Last night's devastating trade data from China had the bad-news-is-good-news crowd chomping at the bit over the next massive stimulus that 'surely China will unleash...because they've got so much in reserves'. However, as we have explained previously, Chinese premier Li Keqiang destroyed those expectations last night when he ruled out major stimulus to fight short-term dips in growth. Unlike his 'desperate for a short-term fix' colleagues in the west, Li stated more thoughtfully (and perhaps more knowingly given his country's pending credit bubble crash), "we will instead focus more on medium- to long-term healthy development."
Having warned just 6 weeks ago that high-yield credit and small high-tech firms may be in a bubble, Fed Governor Tarullo, ironically speaking at the Hyman Minsky Financial Instability Conference, suggested that the recuction in share of national income for "workers" (i.e. income inequality) is troubling. Furthermore, he added, "changes reflect serious challenges not only to the functioning of the American economy over the coming decades, but also to some of the ideals that undergird the nation's democratic heritage." His speech, below, adds that since there has been only slow growth so far, expectations for a growth spurt are misplaced and that the Fed-policy-driven recovery has "benefited high-earners disproportionately."
Are you saying it took the highbrow economist cadre five years to figure out and agree with what we first said in 2009, and for which we received endless ridicule, abuse and accusations of fringe insanity? Yes. We are saying that.
- Russia's Gazprom says Ukraine did not pay for gas on time (Reuters)
- Ukraine Moves to Keep Control in East (BBG)
- Banks Set to Report Lower Earnings as Debt Trading Slumps (BBG)
- More DeGeners and Obama selfies needed: Samsung's lower first-quarter estimate highlights smartphone challenges (Reuters)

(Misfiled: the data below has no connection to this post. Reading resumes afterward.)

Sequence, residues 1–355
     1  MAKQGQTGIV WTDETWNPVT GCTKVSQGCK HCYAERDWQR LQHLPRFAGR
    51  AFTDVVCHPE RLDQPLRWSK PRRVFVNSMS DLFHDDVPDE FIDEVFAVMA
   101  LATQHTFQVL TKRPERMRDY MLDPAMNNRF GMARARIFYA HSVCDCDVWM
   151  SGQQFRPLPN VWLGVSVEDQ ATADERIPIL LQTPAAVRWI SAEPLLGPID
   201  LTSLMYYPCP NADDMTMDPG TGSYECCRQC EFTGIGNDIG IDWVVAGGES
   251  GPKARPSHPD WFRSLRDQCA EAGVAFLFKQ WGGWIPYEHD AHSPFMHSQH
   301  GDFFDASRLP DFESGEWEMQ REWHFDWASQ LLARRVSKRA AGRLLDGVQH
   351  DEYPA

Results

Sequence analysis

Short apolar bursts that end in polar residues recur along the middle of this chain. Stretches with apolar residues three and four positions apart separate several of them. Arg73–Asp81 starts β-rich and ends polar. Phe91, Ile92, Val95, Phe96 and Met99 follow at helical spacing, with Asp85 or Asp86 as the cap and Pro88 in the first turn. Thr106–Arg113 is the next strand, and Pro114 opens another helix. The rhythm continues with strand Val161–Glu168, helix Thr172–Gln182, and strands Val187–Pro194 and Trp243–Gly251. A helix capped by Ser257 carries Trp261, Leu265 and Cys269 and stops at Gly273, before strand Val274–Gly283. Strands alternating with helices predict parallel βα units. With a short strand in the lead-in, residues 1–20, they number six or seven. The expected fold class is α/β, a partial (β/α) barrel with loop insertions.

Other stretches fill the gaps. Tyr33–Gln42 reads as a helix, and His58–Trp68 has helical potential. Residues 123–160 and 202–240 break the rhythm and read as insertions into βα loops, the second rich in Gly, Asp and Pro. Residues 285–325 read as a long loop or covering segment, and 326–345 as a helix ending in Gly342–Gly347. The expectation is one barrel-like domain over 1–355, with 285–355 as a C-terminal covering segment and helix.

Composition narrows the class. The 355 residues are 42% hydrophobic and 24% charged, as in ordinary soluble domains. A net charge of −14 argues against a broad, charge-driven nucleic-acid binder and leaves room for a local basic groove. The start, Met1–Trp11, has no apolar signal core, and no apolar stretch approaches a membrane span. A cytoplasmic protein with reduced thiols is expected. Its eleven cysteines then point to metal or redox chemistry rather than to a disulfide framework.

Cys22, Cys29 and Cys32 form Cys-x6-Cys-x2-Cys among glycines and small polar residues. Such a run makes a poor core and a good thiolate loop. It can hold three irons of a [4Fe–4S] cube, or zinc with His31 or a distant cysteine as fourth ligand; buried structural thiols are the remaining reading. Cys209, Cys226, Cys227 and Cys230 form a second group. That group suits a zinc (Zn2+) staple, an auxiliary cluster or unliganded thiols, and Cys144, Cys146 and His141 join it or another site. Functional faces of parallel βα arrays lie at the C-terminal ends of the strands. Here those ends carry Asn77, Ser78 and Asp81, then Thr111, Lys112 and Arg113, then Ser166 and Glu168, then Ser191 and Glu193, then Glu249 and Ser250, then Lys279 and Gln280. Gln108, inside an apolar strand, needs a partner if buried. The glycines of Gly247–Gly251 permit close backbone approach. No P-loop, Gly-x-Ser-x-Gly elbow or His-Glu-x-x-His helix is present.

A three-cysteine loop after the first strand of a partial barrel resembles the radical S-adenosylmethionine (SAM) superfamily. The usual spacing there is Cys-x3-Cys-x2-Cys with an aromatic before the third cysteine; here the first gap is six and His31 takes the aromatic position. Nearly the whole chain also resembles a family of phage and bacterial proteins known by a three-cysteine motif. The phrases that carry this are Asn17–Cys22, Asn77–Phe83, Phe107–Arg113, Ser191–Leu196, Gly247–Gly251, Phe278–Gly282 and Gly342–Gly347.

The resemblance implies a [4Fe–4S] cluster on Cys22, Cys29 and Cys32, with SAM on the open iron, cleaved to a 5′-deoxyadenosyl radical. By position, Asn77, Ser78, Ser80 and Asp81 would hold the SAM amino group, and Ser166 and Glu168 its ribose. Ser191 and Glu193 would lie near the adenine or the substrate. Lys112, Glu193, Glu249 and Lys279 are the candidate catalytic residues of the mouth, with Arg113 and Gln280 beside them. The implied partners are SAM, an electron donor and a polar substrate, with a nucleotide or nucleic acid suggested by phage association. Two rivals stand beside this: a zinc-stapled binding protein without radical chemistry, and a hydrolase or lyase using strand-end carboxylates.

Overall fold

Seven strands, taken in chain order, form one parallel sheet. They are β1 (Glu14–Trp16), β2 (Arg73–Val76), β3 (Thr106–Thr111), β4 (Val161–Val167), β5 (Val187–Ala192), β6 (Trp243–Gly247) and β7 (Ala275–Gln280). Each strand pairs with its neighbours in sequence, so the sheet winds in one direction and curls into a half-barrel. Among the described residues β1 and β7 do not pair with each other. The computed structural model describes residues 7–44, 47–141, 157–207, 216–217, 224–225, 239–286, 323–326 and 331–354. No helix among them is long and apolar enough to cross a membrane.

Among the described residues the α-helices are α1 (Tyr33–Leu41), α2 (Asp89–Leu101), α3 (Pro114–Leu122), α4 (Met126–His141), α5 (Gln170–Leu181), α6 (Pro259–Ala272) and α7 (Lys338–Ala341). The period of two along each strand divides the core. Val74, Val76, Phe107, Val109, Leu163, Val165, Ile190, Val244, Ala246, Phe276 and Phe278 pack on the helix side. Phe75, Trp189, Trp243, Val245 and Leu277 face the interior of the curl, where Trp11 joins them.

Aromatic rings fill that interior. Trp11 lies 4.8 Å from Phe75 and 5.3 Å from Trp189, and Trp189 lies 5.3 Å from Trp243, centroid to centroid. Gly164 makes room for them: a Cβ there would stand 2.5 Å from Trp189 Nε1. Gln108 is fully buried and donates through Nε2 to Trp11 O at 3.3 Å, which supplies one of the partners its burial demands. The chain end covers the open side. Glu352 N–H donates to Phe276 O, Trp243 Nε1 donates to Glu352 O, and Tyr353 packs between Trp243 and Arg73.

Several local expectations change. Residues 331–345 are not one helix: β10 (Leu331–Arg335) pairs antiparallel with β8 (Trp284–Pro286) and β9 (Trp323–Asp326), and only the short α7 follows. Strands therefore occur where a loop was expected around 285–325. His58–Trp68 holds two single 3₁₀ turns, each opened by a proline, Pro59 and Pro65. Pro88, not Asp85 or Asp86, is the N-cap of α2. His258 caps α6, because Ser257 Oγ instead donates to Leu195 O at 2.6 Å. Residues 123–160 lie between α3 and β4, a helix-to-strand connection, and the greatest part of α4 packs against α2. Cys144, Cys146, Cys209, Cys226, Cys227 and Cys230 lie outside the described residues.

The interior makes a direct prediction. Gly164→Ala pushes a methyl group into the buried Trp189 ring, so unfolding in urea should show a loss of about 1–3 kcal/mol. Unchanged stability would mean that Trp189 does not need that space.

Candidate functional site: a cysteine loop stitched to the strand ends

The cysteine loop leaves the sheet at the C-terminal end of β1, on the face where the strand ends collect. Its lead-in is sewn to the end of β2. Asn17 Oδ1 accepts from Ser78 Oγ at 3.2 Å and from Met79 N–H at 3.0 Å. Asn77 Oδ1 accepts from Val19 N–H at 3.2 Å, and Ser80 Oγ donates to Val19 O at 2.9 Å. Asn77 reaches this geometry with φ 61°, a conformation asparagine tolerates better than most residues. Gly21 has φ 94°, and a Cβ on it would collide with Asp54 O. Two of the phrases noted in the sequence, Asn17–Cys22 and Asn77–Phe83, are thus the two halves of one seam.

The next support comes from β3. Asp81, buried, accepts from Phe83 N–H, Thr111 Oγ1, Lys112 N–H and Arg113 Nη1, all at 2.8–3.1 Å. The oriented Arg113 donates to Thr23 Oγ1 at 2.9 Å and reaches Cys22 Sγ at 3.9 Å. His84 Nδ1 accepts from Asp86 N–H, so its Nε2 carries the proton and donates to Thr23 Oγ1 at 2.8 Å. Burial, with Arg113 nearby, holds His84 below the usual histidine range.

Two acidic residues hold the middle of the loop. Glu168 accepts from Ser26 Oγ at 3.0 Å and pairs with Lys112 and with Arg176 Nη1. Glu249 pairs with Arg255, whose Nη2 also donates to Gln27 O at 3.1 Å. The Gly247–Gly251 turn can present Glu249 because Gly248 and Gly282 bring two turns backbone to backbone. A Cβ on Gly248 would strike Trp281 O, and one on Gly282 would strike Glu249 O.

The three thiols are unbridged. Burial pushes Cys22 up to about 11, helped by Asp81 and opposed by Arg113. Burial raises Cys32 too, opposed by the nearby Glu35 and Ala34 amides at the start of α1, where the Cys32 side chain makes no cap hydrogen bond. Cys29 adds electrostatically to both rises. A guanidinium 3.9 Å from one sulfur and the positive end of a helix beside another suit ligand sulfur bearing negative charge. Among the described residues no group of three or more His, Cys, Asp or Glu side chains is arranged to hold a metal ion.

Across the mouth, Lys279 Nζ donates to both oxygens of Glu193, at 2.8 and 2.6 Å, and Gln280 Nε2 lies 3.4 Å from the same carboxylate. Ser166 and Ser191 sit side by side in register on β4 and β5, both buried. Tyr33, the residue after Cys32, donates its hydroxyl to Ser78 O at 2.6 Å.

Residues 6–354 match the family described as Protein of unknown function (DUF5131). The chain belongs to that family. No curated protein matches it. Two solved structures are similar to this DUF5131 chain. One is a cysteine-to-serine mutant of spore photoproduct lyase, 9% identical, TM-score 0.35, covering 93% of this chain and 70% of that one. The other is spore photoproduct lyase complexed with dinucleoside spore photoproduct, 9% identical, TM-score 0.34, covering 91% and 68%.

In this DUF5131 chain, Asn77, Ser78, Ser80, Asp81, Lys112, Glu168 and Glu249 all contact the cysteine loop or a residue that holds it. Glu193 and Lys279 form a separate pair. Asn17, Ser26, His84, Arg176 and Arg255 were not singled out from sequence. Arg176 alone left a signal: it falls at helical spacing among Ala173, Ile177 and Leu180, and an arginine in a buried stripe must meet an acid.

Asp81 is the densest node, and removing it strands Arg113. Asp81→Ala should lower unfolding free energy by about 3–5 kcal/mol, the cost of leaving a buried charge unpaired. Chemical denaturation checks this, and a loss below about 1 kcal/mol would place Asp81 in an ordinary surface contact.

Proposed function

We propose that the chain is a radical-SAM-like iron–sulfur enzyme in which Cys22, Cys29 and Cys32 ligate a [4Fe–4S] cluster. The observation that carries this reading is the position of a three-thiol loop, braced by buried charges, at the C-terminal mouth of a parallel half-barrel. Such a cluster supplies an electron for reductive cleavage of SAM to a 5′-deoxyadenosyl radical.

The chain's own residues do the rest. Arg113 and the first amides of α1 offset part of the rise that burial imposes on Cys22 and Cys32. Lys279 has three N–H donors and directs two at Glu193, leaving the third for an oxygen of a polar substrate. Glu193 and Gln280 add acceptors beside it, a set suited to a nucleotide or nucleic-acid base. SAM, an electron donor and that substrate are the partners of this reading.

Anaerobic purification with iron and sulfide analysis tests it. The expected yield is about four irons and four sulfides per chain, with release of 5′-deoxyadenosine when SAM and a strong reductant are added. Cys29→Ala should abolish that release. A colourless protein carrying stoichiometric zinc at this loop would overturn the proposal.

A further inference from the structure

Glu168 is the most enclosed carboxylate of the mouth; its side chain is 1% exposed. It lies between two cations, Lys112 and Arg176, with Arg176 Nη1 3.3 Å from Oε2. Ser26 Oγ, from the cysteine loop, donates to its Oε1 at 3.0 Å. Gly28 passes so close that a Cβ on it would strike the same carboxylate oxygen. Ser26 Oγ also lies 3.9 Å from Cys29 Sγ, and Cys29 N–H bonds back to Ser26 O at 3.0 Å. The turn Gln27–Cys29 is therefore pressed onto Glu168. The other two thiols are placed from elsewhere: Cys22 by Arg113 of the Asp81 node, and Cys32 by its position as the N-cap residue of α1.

- Citi Is Bracing to Miss a Profit Target (WSJ)
- Another slam from GM? Safety group calls for U.S. probe of Chevy Impala air bags (Reuters)
- Japan drugmaker Takeda to fight $6 billion damages imposed by U.S. jury (Reuters)
- EU court rules against requirement to keep data of telecom users (Reuters)
- White House may ban selfies with president after Ortiz-Obama photo promotes Samsung (Syracuse)
It took Virtu's idiot algos some time to process that the lack of BOJ stimulus is not bullish for more BOJ stimulus - something that has been priced in since October and which sent the USDJPY up from 97.000 to 105.000 in a few months, but it finally sank in when BOJ head Kuroda explicitly stated overnight that there is "no need to add stimulus now." That, and the disappointing news from China that the middle kingdom too has no plans for a major stimulus, as we reported last night, were the final straws that forced the USDJPY to lose the tractor-beamed 103.000 "fundamental level", tripping the countless sell stops just below it, and slid 50 pips lower as of this moment to overnight lows at the 102.500 level, in turn dragging US but mostly European equity futures with it, and the Dax was last seen tripping stops below 9400.
There is a reasonably quiet start to the week before we head into the highlights of the week including the start of US reporting season tomorrow, FOMC minutes on Wednesday and IMF meetings in Washington on Friday. On the schedule for today central bank officials from the ECB including Mersch, Weidmann and Constancio will be speaking. The Fed’s Bullard speaks today, and no doubt there will be interest in his comments from last week suggesting that the Fed will hike rates in early 2015.